ttc_feb92006.jpg

Wanna go for a hike?

It's official - TTC fares are once again on the way up. And by the looks of today's release, the prognostications of yesterday were positively dreamy-eyed.

Cash fare is up a whopping, and unreasonable, 25 cents, while tokens go up ten cents and Metropasses are hit for an additional dollar. All of this goes towards covering what the TTC claims is a $16M-plus budgetary shortfall for 2006.

Naturally, the Metro and 24 Hours - being our favourite fodder for the subway floor on these February mornings - headlined the deal; Metro shrieked about the "skyrocketing" prices, while 24 Hours seemed to be apologizing for the TTC with a modest headline about how the TTC was "forced" to raise prices.

What's needed here is some kind of measurability. The TTC has raised prices again and again, without any clear demonstration of what they've achieved in terms of service improvements - usually because they were trying to cover a shortfall rather than actually raise the bar for their system.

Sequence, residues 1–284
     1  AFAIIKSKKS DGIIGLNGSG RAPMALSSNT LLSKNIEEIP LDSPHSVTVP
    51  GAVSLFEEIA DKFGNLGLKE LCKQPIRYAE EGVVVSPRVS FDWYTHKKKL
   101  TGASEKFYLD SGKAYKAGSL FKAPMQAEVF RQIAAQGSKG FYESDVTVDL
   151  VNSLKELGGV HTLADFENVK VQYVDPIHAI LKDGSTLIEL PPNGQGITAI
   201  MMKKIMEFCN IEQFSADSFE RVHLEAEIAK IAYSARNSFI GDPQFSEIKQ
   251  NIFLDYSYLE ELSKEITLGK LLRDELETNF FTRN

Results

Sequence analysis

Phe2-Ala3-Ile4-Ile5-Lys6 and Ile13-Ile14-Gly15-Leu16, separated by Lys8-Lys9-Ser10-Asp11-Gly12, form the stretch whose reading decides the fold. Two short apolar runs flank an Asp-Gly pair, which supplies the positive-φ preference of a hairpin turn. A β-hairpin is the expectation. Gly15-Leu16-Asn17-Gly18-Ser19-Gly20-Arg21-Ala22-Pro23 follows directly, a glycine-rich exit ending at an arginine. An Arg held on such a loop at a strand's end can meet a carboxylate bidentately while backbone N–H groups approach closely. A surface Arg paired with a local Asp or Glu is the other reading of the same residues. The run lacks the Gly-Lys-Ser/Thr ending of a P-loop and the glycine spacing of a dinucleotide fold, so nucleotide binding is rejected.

If Stephen Harper can (or claims to be able to be able to) bring accountability to Ottawa, howsabout my 25 cents bringing accountability to Transit Control? At the end of 2006, let's see a published report on where the money went. Let's see some actual statistics on ride times and reliability of service, rather than just the usual ballpark figures about how many people passed through the turnstyles.

Above all, let's see some measurable improvement in the system itself - and no, the Star Trek computer voice announcing bus stops doesn't count. Give us something we can lean on when out-of-towners (and our own citizens) kvetch about exorbitant fares and unreliable service. Surely there's a better way?


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